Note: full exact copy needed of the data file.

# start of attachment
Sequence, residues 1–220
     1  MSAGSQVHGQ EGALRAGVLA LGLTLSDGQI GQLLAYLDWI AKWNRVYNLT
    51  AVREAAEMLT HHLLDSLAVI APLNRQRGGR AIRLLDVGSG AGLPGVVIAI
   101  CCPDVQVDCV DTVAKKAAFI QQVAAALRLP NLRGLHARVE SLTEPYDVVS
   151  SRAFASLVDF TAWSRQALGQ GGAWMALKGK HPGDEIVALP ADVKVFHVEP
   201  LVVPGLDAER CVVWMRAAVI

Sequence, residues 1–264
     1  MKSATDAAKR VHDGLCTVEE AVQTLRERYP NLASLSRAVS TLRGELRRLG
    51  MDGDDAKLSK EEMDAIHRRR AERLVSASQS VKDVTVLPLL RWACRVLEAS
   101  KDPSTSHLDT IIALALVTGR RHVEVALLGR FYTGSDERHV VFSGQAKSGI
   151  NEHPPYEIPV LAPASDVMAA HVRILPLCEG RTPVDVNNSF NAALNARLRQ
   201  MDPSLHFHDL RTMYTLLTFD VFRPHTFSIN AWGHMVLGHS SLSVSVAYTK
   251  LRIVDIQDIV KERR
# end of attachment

Sequence, residues 1–220
     1  MSAGSQVHGQ EGALRAGVLA LGLTLSDGQI GQLLAYLDWI AKWNRVYNLT
    51  AVREAAEMLT HHLLDSLAVI APLNRQRGGR AIRLLDVGSG AGLPGVVIAI
   101  CCPDVQVDCV DTVAKKAAFI QQVAAALRLP NLRGLHARVE SLTEPYDVVS
   151  SRAFASLVDF TAWSRQALGQ GGAWMALKGK HPGDEIVALP ADVKVFHVEP
   201  LVVPGLDAER CVVWMRAAVI

Sequence, residues 1–264
     1  MKSATDAAKR VHDGLCTVEE AVQTLRERYP NLASLSRAVS TLRGELRRLG
    51  MDGDDAKLSK EEMDAIHRRR AERLVSASQS VKDVTVLPLL RWACRVLEAS
   101  KDPSTSHLDT IIALALVTGR RHVEVALLGR FYTGSDERHV VFSGQAKSGI
   151  NEHPPYEIPV LAPASDVMAA HVRILPLCEG RTPVDVNNSF NAALNARLRQ
   201  MDPSLHFHDL RTMYTLLTFD VFRPHTFSIN AWGHMVLGHS SLSVSVAYTK
   251  LRIVDIQDIV KERR